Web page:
Oyama taboo ontogeny

On the subject of taboos, Susan Oyama has a discussion of taboo in The Ontogeny of Information.

The topic is canalization, and Oyama discusses the ideas of Harold Fishbein, in his book, Evolution, Development and Children's Learning. Fishbein discusses behavior as more or less genetically determined, invoking canalization as a mechanism leading to more rigid genetic control over behavior. Oyama points out that this is a backward reading of Waddington, whose concept of canalization was not about genetic control but instead more closely similar to developmental robusticity.

At length, Oyama comes to Fishbein's discussion of incest avoidance, in which he argues that the lack of mother-son incest in many primates is a biological reason why Freud was wrong about the development of the incest taboo in human societies.

Since [Fishbein] equates incest taboos, which sould seem a peculiarly human phenomenon involving certain types of forbidden conduct, with a simple absence or infrequency of behavior in other primates, one wonders why he seems to find the chimpanzee and macaque data more damning to Freud's ideas than the human pattern itself. That is, if relative frequency of various kinds of matings is given equivalent motivational significance in all the species under consideration, then infrequent mother-son copulation in humans surely counts against Freud at least as much as infrequent mother-son copulation in chimps... (Oyama 2000:112-113).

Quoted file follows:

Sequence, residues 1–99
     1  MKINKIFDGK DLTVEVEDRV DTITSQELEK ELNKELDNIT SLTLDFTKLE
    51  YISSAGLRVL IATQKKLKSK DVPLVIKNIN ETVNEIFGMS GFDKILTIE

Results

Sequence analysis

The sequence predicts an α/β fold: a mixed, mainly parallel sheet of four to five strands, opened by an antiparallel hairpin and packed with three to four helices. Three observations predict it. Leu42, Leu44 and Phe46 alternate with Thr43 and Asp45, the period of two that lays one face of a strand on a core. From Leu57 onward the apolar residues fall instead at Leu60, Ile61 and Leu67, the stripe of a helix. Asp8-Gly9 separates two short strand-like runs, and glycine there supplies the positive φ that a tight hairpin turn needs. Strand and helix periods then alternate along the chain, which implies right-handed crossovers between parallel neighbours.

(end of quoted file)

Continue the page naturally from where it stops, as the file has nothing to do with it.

I would suggest that the point of the primate comparison is that the frequency of the behavior in humans alone is insufficient to falsify Freud's idea that the mother-son attraction is an aspect of human nature, which human societies suppress. If presumably non-taboo-bearing hominoids also lack mother-son mating, then the idea that such a desire is part of human nature would seem false on phylogenetic grounds.

But I included the first part as context for the next paragraph, which I think is fairly important:

The problem, of course, comes from impoverishing the concept of taboo, which has to do not with frequency of events per se but with their meaning. But this is precisely the kind of impoverishment that is necessary to this kind of "biological" reasoning. There is a persistent playing with levels of analysis in such treatments. Distinctions between the level of individual motivation and that of institutions or customs are ignored as the social, the cultural, and ultimately the psychological are collapsed to the biological. At the same time, a new level is created -- a phantom plane of genetic reality, which is not observed as such but deduced (or assumed). From this perspective, the observation of living, breathing animal-machines is of value only insofar as it gives access to the ghostly forms and causal agencies within them (Oyama 2000:113).

It seems to me that the real problem is identifying appropriate units of reductionism for cultural entities and behaviors. For the most part, biologists, psychologists, and anthropologists are all alike in treating "culture" as a single level phenomenon interpolated between "human biology" (or "human nature") and human behavior.